The ultra competitive people way out of our proverbial agility weight class don't say a lot, but the other people have such nice things to say about my steady little dog, which makes me so happy. We will never be that team on the course with the amazingly fast and crazy dog, but that's okay. We're working on ending up one of those teams that flow around the course and make it look easy. Of course, I hope by then to be able to get our gambles ... and have permanently patched up those holes in our training that have once again become apparent.
This weekend was the Dec 2x4 Agility trial.
Baxter got another Master Snooker Q, that I am very happy for. We were having a great snooker run, and had "practiced" the #6 obstacle jump, jump, tunnel combo in the opening - so why I lost my mind and almost send him over the wrong side of the second jump, then pushed him way off the jump into empty, time wasting space in the closing is beyond me. I wish had video of the run. As soon as I flubbed up the handling and he stopped, turned and looked at me like WTF lady I think my heart stopped. OMG we needed to finish 7 before the buzzer for enough points!!! I spun around and I don't think I've ever been that frantic on a course before. He pulled it off though, with a couple seconds to spare. Managing to salvage that one merited us some applause, though really, I'd rather get it for a good run without the drama!
We had little issues with his other runs, and a steeplechase that he did very well and still ended up 2 seconds over time but had 2 very nice jumpers runs to finish up the weekend with our Expert Jumpers Bronze title.
Spencer was very good, but ever the sensitive baby dog. Something about the weaves threw him and he kept popping or avoiding. Maybe the wide base without much dirt on it, maybe the different poles, who knows? I thought I had chute issues fixed in the last few days of practice before the trial, but apparently not. However, he continued to do it after the first refusal.
After great days of teeter and chute practice I was hoping he would rock on the only standard run he was entered in (otherwise he just plays the games right now.) Now I'm glad that I went with my initial feeling and just put him in 1.
After the refusal on the chute, which at least wasn't a complete deke around it - we hit the teeter. He had a great teeter, but it dropped fast and the surface was packed, so it slammed into the ground hard and fast, despite that - he held and waited for his release, but the noise and the motion worried him.
Teeter drama (likely over the noise more than anything) carried on through the weaves where I got half-hearted performance at best and then to the dog walk where he bailed half way up. By that time I was worried about my little guy. I spent a lot of time and effort working on the dog walk and having vastly different (run it vs teeter) cues to avoid this very issue. He did take the dog walk the second time, but very hesitant on the way up and I had to stand and encourage it, not just cue it and run. He did it on his own though, which I think speaks volumes to his trust in me and our training.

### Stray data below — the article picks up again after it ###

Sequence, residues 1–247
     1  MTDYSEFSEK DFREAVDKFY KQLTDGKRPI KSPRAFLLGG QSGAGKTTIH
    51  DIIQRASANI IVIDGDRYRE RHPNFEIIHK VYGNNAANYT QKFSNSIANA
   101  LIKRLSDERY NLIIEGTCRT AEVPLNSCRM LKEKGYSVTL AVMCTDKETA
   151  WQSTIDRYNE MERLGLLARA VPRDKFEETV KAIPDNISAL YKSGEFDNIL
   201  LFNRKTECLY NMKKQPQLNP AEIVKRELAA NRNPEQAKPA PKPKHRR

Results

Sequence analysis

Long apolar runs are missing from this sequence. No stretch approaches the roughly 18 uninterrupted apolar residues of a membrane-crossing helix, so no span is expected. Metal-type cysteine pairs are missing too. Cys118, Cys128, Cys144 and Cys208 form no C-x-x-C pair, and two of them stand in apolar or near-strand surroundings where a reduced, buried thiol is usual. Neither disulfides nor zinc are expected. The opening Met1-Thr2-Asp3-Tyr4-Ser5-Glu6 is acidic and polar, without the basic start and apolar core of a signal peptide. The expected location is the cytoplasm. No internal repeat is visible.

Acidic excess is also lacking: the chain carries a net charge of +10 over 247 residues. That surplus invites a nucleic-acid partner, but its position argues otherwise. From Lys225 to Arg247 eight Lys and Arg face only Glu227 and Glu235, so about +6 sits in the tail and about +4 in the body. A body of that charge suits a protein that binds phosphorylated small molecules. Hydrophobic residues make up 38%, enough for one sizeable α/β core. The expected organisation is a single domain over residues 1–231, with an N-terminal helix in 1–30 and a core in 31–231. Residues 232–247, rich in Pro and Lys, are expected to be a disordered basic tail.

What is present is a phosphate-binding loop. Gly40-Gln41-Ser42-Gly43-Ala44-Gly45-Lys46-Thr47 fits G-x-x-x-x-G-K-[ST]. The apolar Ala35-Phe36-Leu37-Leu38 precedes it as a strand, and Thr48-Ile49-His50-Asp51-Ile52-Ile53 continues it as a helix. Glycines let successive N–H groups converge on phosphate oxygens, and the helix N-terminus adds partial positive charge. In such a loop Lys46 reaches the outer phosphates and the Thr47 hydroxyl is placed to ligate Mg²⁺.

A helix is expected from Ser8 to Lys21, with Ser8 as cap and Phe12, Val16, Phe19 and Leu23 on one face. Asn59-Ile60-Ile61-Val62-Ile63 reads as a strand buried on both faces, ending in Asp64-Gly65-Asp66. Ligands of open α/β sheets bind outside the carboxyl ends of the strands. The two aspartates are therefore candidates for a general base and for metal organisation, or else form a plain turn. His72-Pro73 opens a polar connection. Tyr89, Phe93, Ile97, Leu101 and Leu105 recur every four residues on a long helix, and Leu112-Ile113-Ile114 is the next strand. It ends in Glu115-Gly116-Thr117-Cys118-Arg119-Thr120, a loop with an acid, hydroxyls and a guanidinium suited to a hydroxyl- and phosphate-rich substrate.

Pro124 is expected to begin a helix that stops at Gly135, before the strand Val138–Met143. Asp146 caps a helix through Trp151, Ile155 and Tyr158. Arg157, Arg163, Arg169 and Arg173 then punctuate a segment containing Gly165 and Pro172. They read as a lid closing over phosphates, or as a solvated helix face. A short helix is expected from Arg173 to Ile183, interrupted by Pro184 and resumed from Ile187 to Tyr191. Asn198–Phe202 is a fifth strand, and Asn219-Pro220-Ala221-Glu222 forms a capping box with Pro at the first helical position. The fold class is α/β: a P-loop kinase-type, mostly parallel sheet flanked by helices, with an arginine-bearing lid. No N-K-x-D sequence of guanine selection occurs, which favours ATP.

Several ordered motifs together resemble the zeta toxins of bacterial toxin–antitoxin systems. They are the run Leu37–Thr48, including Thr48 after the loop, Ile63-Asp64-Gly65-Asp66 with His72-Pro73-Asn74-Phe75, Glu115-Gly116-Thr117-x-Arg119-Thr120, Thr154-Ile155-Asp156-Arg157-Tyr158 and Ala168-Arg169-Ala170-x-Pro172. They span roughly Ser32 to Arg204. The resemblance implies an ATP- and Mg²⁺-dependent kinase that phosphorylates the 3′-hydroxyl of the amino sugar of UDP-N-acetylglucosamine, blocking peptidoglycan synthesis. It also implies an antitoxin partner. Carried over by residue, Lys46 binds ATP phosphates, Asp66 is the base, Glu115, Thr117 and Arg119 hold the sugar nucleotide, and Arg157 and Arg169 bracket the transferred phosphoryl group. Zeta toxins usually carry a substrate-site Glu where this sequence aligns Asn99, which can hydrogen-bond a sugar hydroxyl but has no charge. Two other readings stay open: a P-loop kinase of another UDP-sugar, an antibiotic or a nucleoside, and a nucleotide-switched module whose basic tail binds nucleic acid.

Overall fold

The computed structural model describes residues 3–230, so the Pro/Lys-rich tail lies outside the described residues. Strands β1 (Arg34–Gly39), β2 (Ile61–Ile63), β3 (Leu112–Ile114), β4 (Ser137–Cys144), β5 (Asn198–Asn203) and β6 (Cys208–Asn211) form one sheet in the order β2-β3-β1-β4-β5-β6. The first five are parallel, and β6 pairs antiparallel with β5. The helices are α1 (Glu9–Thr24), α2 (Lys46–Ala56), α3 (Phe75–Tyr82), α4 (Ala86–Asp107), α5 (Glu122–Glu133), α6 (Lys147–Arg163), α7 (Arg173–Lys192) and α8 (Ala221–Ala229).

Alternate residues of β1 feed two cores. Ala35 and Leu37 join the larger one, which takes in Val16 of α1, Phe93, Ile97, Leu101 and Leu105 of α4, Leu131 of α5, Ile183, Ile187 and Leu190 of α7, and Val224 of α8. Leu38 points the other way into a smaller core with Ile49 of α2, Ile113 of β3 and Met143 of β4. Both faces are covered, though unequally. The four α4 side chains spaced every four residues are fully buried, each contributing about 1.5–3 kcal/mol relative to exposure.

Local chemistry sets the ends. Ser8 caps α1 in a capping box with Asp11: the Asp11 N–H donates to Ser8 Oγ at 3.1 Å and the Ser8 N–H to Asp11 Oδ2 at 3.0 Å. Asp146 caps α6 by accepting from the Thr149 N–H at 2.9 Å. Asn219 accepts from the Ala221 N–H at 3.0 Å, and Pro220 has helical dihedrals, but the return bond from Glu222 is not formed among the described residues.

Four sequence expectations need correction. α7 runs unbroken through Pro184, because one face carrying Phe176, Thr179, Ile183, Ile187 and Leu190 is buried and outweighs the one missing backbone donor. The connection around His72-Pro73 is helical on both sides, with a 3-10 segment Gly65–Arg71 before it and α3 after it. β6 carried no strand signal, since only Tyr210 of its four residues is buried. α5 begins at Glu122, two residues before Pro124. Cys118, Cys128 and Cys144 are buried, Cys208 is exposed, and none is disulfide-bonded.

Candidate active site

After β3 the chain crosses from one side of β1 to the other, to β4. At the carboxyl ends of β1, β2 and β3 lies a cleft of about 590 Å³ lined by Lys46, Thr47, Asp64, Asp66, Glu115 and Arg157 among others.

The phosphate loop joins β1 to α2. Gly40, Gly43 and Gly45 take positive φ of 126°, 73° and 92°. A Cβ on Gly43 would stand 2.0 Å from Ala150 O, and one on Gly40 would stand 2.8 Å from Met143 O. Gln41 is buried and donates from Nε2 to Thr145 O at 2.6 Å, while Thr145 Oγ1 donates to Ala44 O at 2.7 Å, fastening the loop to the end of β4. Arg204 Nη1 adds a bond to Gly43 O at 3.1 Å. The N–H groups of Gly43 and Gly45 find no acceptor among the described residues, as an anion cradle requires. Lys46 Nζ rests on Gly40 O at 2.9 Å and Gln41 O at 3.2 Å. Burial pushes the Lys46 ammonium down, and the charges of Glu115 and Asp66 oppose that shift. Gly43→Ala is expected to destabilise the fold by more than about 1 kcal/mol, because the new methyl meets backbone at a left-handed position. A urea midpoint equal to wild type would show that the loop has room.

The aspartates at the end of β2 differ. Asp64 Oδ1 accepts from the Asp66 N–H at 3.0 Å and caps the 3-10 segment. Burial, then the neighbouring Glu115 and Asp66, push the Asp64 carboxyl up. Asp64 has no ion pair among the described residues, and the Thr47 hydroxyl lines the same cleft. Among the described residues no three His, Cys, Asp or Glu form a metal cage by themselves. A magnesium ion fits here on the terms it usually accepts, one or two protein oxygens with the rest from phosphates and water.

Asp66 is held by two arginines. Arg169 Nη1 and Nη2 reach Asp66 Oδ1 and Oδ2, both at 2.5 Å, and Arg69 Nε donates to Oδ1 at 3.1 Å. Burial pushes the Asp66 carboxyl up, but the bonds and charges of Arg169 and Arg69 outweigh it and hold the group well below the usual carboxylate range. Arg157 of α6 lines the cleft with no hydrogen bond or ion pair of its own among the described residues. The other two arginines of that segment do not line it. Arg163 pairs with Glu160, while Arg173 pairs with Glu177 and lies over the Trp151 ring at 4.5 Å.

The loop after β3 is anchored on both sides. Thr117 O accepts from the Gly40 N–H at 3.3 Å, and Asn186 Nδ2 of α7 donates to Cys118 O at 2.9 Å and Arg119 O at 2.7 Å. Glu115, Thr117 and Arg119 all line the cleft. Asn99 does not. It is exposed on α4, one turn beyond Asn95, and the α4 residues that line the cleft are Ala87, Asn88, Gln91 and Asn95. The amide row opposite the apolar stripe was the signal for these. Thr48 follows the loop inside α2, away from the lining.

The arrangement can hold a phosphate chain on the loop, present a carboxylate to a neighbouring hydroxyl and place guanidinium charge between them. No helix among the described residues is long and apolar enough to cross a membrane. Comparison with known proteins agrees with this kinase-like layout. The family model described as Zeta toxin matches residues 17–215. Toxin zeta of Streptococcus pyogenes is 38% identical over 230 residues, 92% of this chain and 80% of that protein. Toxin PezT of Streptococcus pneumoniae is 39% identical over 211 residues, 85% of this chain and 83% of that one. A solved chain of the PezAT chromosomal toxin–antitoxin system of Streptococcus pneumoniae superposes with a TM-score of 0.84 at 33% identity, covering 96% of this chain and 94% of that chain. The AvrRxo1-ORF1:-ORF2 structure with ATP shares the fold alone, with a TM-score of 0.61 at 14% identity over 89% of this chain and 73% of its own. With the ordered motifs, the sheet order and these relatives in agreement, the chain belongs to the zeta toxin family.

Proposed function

In hindsight, what I should have done after that teeter hit the ground and he looked worried was to play for a few seconds in the ring, do a couple of decent nose touches if I could get them and play push back and run over a couple obstacles on the way out to stuff him full of cookies and play ball. Scary thing = party!
Standard was our last run of the day on Sat, while Gamblers was our first for Sunday. I went back to my game plan of spending 40 seconds playing with the dog on course and not even worrying about points or the gamble. I just wanted my happy running dog walk performance back.
I needn't have worried. He blasted off of his start line and blew past me standing mostly still at the bottom of the dog walk (to support the performance and prevent another bail off) Did 2 of those and I went for broke to see if we could do the weaves that were plaguing us all trial. After missing them on the first entry he hit it and I had my good weaves back too. We missed on the final gamble, but the run was a success in spite of it! Sometimes I think with sensitive dogs that we as the humans worry a little too much where the dog really doesn't care, as Spencer proved!
Snooker and Jumpers were our last 2 runs of the day, and like Baxter, he nailed em. Little bit of a bobble in Snooker with a tunnel refusal on a bi-directional tunnel, but those aren't faulted in Starter Snooker, so I didn't send to the other tunnel mouth.
Snooker and Jumpers finished off his Starter Games Dog of Canada title! He's not quite sure what that pretty ribbon is for nor why I wanted him to sit with it, but hey, it got him lots of cookies so that's cool! Such a good baby.